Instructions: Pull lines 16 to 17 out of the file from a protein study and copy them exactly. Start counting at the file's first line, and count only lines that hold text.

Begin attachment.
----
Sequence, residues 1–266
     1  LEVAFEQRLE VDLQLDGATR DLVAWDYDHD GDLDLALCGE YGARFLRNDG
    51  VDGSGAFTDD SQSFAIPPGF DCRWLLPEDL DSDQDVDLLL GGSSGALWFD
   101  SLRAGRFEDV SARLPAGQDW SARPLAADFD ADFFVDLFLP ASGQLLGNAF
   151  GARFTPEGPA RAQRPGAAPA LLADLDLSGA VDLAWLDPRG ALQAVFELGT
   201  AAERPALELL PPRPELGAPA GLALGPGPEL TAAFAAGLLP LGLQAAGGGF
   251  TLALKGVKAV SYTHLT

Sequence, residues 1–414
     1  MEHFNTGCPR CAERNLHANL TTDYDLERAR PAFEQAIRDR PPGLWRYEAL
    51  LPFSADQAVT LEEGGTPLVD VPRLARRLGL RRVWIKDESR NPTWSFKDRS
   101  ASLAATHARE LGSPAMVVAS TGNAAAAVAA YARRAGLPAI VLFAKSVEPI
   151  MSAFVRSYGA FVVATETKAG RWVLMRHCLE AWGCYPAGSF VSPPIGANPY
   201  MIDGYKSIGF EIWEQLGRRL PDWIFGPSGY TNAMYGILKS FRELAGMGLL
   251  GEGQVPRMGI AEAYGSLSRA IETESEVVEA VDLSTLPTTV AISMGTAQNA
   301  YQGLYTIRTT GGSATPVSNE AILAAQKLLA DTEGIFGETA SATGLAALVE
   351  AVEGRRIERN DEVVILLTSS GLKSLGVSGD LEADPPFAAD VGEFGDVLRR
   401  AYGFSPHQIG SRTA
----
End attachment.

   351  AVEGRRIERN DEVVILLTSS GLKSLGVSGD LEADPPFAAD VGEFGDVLRR
   401  AYGFSPHQIG SRTA